We stayed at a KOA campground in the village of Bromont which is about 40 kilometers east of Montreal. Like any large eastern city, we figured that driving in the city was going to be more of a headache than a pleasure so we asked about the possibility of taking public transportation into the city and found that leaving the driving to someone else was going to a lot easier than we anticipated.
In the old historic district of Montreal many of the 19th century buildings still stand and show their European influences. This is the corner of the Hotel Place d' Armes.
A monument to the founder of Montreal, Paul de Chomedey.
Basilique Notre-Dame de Montreal ...
Montreal has four basilicas which are probably the most popular of all the tourist attractions in the city. We toured two of them: Notre-Dame and St. Joseph's Oratory.
Basilique Notre-Dame de Montreal is located on the square in the old historic district. There has been a church dedicated to the Holy Name of Mary on this spot since 1672. It served as the first cathedral of the Diocese of Montreal. The current building was begun in 1824 and completed in 1843. The church is Gothic Revival style.
As. you can see, we were not the only tourists to view the Notre-Dame. Thousands of tourists from all over the world come everyday to view this beautiful place of worship.
Tour guides educate groups of tourists and tell of the old church. Other people come and sit and soak up the peacefulness of the place. Still others are moved to pray and meditate.
I found the pulpit interesting. It is located half way down the nave. This was a good idea since this is a very large church and in the 19th century preachers did not have the aid of amplified equipment in order to be heard. It is a marvelous piece of carpentry and architectural design.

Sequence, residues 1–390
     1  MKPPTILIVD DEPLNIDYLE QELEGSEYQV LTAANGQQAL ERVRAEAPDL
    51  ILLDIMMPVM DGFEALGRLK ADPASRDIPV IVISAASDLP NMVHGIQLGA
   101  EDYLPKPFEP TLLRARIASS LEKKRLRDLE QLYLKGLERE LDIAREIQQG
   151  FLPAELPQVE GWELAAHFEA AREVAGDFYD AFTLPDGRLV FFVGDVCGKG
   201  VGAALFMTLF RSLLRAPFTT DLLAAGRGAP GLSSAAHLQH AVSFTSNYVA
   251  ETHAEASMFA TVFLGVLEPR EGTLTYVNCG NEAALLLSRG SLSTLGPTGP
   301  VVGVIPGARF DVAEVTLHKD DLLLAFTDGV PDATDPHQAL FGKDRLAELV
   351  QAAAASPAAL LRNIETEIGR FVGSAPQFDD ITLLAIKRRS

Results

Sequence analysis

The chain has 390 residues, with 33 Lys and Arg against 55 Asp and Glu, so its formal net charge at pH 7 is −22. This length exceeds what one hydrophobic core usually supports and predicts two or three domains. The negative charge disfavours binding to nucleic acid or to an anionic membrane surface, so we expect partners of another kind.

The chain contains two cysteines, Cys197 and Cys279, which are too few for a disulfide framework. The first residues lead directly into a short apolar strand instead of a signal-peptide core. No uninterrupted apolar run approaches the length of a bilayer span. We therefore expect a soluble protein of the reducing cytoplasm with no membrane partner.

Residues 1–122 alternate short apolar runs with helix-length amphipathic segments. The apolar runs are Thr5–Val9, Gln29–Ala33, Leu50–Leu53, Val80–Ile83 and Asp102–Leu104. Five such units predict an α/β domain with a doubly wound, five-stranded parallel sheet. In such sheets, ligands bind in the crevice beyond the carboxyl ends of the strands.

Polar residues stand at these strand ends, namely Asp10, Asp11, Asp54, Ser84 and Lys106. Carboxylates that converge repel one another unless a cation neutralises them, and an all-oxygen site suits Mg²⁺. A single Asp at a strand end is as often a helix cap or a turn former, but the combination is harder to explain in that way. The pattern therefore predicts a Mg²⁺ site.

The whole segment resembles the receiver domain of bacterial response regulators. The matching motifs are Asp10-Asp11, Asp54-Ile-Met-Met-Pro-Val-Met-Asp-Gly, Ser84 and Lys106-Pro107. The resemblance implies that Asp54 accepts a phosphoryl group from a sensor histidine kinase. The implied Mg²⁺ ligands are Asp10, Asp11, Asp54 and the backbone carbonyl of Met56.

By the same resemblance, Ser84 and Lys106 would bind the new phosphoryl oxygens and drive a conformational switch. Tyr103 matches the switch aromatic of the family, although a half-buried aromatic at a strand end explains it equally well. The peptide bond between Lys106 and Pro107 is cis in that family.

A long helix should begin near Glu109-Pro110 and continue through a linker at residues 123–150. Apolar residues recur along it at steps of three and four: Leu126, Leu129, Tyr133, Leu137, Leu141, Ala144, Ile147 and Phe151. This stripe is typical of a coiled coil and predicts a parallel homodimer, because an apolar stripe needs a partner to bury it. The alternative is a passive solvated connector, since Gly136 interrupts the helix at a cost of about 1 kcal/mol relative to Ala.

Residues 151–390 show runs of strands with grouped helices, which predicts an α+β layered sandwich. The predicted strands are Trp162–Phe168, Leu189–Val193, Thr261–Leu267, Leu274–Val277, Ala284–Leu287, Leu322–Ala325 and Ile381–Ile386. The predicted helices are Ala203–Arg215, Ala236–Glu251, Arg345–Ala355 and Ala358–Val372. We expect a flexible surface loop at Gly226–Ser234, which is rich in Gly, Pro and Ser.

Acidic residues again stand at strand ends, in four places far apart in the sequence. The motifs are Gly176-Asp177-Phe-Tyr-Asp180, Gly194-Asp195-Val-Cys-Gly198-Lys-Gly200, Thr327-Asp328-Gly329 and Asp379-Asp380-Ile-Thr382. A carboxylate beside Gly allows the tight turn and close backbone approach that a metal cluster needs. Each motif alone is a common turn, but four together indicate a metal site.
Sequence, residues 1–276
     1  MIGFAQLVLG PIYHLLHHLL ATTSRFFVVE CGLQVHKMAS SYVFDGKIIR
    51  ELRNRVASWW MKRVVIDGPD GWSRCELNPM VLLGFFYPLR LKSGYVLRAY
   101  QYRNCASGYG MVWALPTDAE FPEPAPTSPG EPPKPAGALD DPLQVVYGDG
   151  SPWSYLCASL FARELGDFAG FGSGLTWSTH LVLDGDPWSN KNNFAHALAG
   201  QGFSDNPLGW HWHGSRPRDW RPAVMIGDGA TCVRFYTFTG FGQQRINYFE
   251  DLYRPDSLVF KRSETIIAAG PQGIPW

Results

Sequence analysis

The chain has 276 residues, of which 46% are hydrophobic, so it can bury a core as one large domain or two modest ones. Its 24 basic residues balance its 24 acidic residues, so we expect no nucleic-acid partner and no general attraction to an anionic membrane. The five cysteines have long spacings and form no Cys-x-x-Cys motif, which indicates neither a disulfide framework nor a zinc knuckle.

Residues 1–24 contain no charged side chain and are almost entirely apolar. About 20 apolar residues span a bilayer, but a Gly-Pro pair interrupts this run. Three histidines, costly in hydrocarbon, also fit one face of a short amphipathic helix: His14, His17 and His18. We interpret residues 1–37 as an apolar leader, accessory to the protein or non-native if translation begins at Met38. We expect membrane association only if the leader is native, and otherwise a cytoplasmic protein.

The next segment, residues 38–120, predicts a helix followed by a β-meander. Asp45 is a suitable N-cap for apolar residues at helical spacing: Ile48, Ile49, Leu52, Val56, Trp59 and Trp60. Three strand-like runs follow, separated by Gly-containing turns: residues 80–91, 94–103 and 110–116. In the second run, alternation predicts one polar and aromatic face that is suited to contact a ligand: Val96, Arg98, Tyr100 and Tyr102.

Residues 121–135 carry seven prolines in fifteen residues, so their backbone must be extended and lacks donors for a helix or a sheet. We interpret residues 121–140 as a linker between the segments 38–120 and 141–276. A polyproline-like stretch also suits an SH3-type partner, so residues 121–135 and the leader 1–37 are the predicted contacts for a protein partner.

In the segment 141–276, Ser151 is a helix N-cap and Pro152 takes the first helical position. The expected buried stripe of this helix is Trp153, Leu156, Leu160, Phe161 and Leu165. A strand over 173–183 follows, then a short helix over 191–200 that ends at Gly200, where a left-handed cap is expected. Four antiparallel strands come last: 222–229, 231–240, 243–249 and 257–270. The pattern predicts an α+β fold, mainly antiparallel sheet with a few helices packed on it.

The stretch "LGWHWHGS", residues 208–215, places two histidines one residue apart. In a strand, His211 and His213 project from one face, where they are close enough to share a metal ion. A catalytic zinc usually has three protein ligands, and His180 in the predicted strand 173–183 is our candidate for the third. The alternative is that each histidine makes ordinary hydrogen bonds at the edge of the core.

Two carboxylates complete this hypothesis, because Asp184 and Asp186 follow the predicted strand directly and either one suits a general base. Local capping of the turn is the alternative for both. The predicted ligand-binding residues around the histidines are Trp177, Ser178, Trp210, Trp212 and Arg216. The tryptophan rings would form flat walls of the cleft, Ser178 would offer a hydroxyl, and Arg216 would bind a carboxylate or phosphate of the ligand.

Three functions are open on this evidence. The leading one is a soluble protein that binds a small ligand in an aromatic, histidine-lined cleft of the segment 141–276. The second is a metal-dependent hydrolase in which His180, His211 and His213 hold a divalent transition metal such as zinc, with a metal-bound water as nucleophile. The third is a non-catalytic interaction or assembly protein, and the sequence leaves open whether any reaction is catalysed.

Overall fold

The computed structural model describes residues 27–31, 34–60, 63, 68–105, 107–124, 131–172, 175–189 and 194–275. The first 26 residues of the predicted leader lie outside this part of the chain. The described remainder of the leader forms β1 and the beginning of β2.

I thought it unique also that the church was illuminated with natural light via rose window skylights.
L'Oratoire Saint-Joseph du Mont Royal
The Basilica of Saint Joseph is the largest of the churches where the pope can say Mass. It is also the story of a frail, little brother of the Congregation of the Holy Cross, Brother Andre who became a saint.
Brother Andre built the first church in 1907 on the slope of Mount Royal and construction of the main church was begun in 1924 and finally completed in 1967.
The basilica is dedicated to Saint Joseph, to whom Brother André credited all his reported miracles. These were mostly related to some kind of healing power, and many pilgrims (handicapped, blind, ill, etc.) poured into his Basilica, including numerous non-Catholics. Thousands of crutches and canes from those who came to the basilica and were purportedly healed and displayed on a wall. Pope John Paul II deemed the miracles to be authentic and beatified Brother André in 1982. In October 2010 Pope Benedict XVI canonized the saint.
The exterior of the Basilica of Saint Joseph is traditional classical.
The center steps are reserved for people who climb the more than 200 steps on their knees, praying at each step. Hope and faith are such strong virtues.
The interior is much more contemporary with strong Art Nouveau and Modernist influences. The massive size is amplified in the heavy stone construction that conveys a feeling of permanence and eternalness.
The main altar
The massive statuary in the transept with folding chairs near by gives you some idea to the scale of this church.
The nave looking from the main altar into the choir and organ loft.
The chapel of the Blessed Sacrament is behind the main altar.
One of the Stations of the Cross